TW: mention of death and an old person dying
Death is a strange thing. Many people fear it, but it stands as a chance to express our greatest triumphs in life. As a teenager, it is a little strange to say this, but the person who has had the most positive impact on me is no longer with us, and it is exactly his death that changed my life. While I have struggled to understand the precise nature of his giant spiritual stature and how he has influenced me, I will try to convey the sense of who he was and what kind of effect he had on me — how he helped me feel a lasting sense that life is alright, even though things may look bad at times.
I first met Uncle George when he met my family for dinner at home, and by that time he was already old. Not old like the kind of old most of our parents are, but old like the kind of old where it starts to get difficult to imagine how that old man could be so sprightly and happy. I eventually saw him lose that former quality, but Uncle George never lost his sense of joy and peace, even as he lay on his deathbed. I am getting ahead of myself a little, but to understand the gravity of his death, you would have to understand the nature of his life and how he was in life.
Uncle George would act as if he was always a little drunk and a little sad, but also always ready to laugh and make people laugh. As an octogenarian, he avoided alcoholic drinks, but my grandfather spoke of Uncle George’s younger days as a “hot mess” (where these old folks get their slang, I have no idea) of irresponsibility and way too much drinking. How did he remain so joyful and silly, then? When I asked this of him, Uncle George pretended to be shocked that I would call him silly, as he childishly threw back the accusation — “You then silly!” — in Singlish. Then, with a twinkle in his eye, he looked straight at me with his thick glasses on his face, and said, “I never, ever want to lose the ability to be playful and childish. Something in a person dies when they lose that.”
Now, as a teenager, all I want to do is to grow up and be an adult. I struggle to understand what Uncle George means, but I feel like, maybe, there is something there, especially since I know that my parents spoke to him frequently for advice on philosophy and spirituality, and especially those boring “spiritual disciplines” the older people are always so excited about. Uncle George did say to me that if I found those things boring, that I should chase the things that fascinated me, like novels, politics, and girls (he added that last one), and that these disciplines would always be waiting for me if I ever wanted a little something more. I am now convinced that there is something more there, because his deathbed scene was tearful, sure, but also joyful.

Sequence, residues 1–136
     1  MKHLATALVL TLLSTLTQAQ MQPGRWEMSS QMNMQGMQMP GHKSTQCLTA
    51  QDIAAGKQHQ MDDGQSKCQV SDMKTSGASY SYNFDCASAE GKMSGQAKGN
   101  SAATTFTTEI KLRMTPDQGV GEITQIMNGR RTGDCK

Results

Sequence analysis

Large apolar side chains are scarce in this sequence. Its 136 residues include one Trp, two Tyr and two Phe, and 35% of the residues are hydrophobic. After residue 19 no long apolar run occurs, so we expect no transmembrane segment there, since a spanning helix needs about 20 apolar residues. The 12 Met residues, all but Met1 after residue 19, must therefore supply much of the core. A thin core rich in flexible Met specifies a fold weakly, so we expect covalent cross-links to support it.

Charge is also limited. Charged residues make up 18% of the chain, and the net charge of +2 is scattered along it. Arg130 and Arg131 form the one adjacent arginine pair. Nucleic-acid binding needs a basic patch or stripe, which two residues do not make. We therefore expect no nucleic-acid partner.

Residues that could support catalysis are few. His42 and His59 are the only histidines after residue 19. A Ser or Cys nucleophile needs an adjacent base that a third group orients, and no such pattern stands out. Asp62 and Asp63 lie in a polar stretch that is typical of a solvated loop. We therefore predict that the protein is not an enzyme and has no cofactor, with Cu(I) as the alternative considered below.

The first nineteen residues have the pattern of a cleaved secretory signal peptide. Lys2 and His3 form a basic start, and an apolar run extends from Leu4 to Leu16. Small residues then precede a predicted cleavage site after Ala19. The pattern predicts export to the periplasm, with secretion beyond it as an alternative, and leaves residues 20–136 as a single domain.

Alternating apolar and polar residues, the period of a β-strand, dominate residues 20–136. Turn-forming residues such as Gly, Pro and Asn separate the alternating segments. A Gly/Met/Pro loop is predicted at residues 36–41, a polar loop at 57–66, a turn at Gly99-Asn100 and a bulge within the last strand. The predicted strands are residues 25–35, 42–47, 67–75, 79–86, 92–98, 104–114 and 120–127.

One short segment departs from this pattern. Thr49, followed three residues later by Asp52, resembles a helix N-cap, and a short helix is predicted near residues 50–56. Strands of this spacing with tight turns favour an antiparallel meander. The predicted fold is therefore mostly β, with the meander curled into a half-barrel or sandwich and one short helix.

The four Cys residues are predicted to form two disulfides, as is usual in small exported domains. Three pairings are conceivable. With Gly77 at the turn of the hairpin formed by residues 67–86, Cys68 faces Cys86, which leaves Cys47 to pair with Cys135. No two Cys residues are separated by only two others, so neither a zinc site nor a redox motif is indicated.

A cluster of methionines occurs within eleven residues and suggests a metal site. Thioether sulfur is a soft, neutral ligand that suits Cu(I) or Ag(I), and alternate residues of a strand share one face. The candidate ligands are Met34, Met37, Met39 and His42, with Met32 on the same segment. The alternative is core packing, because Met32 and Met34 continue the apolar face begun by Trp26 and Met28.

It was something special to see Uncle George comfort the people around him even as the cancer ate away at his body. I felt awkward about being in his presence since he was so weak, so all he did was to ask to hold my hand as he spoke to my parents. Now that he is gone, I struggle to understand how he has left me with that enduring sense of peace and hope. I guess it must be something about how he made peace with his inevitable death. There must be something, after all, in those boring spiritual disciplines.
Note: this is completely fictional, and I had to dig a little deeper than usual to come up with this response. Reading all kinds of text (novels, self-help books, memoirs, biographies, etc) helps with essay questions that you may have trouble with, especially when you have to write from a place that may be slightly less than authentic. Also, this one gestures at religiosity, so the same old caveat applies — when in doubt, ask the adults already in your life! I’m not your pastor ;D
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